STATE COLLEGE, Pa. | Christian Veilleux’s football career has been marked by sacrifices. The Penn State quarterback left Canada at age 16 to play soccer in the United States, lost his high school soccer season to COVID and returned to the field after two years only to play with lingering flu symptoms closest to him made the day speechless.
He was also part of college football’s historic freshman class who were able to sign endorsement deals through NIL but are largely ineligible as a Canadian on an F-1 student visa. So what drives him next?
“My journey,” said Veilleux. “Being where I’m from, all the sacrifices I’ve made to get here, I think that’s what drives me.”
Veilleux, a redshirt freshman from Ottawa, brings one of the most compelling stories to Penn State’s 2022 season. He is the quarterback between Sean Clifford, the sixth-year senior and fourth-year starter, and two highly regarded true freshmen in Drew Allar and Beau Pribula. He’s the Penn State quarterback fighting for eyes between the veteran and the future.
But Veilleux understands the value of sacrifice. He began at Ottawa’s Gridiron Academy, an elite football training program where Canadians begin their journey, as Veilleux put it, “down south”. Penn State’s Jonathan Sutherland and Jesse Luketa were also educated at Gridiron Academy.
At 16, Veilleux left Canada for Canisius High in Buffalo. As a sophomore, he threw for 1,693 yards and 17 touchdowns before transferring again to Maryland’s Bullis School.
After throwing for 2,000 yards and 29 touchdowns, Veilleux was poised for a big breakthrough with the seniors, but the Bullis School canceled their 2020 season due to COVID. However, Veilleux already had big college offers and chose Penn State.
As a freshman, Veilleux gradually climbed Penn State’s depth chart and became the No. 2 quarterback in mid-November. Still, he never imagined his eventual return to the field.
The Thursday before Penn State played Rutgers last November was great. The quarterbacks had dinner together and everyone had a good time. On Friday, much of the team was suffering from flu-like symptoms and attached to IV units, including the quarterbacks.
“It was bad, man,” said Veilleux. “I didn’t know what was going to happen on Saturday.”
Veilleux was among those cleared to play on Saturday morning so he mentally prepared for the start. Though Clifford made an effort, the starter was clearly not healthy, and offensive coordinator Mike Yurcich tapped Veilleux in the first quarter and said, “You’re up.”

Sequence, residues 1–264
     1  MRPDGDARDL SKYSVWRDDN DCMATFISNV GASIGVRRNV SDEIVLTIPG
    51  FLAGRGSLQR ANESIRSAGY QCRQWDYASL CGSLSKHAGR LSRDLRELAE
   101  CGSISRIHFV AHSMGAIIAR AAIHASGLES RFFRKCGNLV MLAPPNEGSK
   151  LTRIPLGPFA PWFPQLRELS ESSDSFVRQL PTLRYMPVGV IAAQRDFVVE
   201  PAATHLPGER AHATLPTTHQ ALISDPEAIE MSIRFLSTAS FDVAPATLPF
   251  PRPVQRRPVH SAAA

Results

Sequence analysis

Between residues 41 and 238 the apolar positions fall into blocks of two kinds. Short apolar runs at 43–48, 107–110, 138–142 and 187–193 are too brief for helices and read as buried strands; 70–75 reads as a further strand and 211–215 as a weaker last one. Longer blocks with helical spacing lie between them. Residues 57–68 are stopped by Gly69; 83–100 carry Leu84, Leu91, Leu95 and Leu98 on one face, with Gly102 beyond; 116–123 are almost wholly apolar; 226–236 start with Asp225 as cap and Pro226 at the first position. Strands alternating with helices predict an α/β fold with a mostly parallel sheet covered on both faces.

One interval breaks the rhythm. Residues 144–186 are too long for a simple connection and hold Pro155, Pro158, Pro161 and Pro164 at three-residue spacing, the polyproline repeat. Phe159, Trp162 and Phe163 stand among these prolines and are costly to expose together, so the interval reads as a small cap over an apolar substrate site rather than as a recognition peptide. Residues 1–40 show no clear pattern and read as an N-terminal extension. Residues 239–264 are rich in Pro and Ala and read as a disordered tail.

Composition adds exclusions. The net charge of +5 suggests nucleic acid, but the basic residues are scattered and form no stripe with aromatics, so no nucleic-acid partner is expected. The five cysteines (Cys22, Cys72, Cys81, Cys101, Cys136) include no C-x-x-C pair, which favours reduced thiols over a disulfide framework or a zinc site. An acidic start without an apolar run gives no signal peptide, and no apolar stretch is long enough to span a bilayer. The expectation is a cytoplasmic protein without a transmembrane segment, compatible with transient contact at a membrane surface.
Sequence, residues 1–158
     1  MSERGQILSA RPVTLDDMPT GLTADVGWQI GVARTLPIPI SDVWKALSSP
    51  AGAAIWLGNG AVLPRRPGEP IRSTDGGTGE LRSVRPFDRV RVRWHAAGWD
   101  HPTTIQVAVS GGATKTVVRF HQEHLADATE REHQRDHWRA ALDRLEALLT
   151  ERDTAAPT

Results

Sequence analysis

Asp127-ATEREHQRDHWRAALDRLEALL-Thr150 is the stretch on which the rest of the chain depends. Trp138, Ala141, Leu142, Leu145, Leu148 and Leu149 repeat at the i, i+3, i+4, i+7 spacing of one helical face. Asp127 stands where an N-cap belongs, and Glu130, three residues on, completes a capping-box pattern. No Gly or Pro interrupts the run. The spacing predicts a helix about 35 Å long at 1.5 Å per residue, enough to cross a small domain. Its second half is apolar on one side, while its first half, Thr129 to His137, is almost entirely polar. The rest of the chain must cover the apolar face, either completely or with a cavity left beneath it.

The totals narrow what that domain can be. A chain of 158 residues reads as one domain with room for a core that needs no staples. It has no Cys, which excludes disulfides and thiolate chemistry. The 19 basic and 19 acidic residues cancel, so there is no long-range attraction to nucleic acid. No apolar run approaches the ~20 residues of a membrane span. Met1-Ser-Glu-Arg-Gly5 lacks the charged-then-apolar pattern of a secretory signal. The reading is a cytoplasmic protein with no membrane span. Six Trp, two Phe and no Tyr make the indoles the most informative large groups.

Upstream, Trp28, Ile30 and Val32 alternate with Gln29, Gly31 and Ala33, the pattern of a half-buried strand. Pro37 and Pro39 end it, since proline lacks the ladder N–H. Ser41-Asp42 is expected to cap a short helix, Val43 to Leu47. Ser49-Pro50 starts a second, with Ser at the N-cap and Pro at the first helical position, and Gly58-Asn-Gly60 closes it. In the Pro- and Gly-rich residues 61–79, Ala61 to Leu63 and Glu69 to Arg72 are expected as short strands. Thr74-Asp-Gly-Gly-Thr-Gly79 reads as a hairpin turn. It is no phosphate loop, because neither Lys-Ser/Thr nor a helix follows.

Still not feeling well (he was coughing in the group), Veilleux hadn’t thrown a pass in a live game in more than two years and was making his debut at Beaver Stadium. His performance in the Lions’ 28-0 win over Rutgers was all the more extraordinary.
Veilleux finished 15 for 24 for 235 yards and three touchdowns and went 6 for 9 in the third quarter. Veilleux also rushed for 36 yards on 10 carries and became Penn State’s first true freshman quarterback to have a touchdown since Christian Hackenberg in 2013 -Pass threw.
“With [Veilleux], it’s different,” former Penn State receiver Jahan Dotson said after the game. He’s ready for the moment since he came in here. He practiced like that, played like that, and he finally got to show you his talent today.”
Veilleux didn’t have much more to say on Sunday and is still proud of how he overcame the illness. Adrenaline and training carried him.
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“I had to make it work,” he said. “I was the only guy that could go in that day because everyone else was sick. I wouldn’t say it really affected my confidence because I only really thought about it on the field or during the game afterwards. . .. I just forgot I was ill.”
Veilleux played in two games last season, replacing Clifford in the Outback Bowl when the starter left with an undisclosed injury. That was stressful, too, considering Penn State started Veilleux’s drive at his own 9-yard line 14 down in the fourth quarter.
Every experience helps. Additionally, Franklin said last spring that Veilleux had built on his success against Rutgers, while Clifford said the quarterback kept pushing him.
“You never really know what you’re going to have with your backup quarterback until they come in and get legitimate playing time,” Franklin said. “It’s valuable and he builds on it every day and every week.”
Ultimately, Veilleux wants to build some NIL opportunities, but that could require federal action. Veilleux is set in the United States on an F-1 student visa that limits its holder’s ability to make money.
In essence, international students attending US schools on such visas cannot earn money through off-campus activities. There are rare exceptions, such as B. Internships, but US NIL opportunities are excluded. In fact, an immigration attorney told the Associated Press that international students who sign NIL agreements risk having their visas revoked.
This presents a unique situation for Veilleux considering that Clifford started his own NIL agency and Veilleux’s girlfriend, who runs the track at Penn State, signed to her.
“I need someone who can read that thing and figure out what’s going on,” he said.
Another sacrifice for the future. But Veilleux has a goal.
“At the end of the day, if I don’t make it, I think it’s all for naught,” he said. “My parents sent me here, I’ve done so much. I have to achieve what I set out to do.”
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AllPennState is Penn State’s place for news, opinions and perspectives on the SI.com network. Editor Mark Wogenrich has covered Penn State for more than 20 years, tracking three coaching staffs, three Big Ten titles and a catalog of great stories. Follow him on Twitter @ Mark Wogenrich. And subscribe to more great content on the SI.com network (buttons on the home page).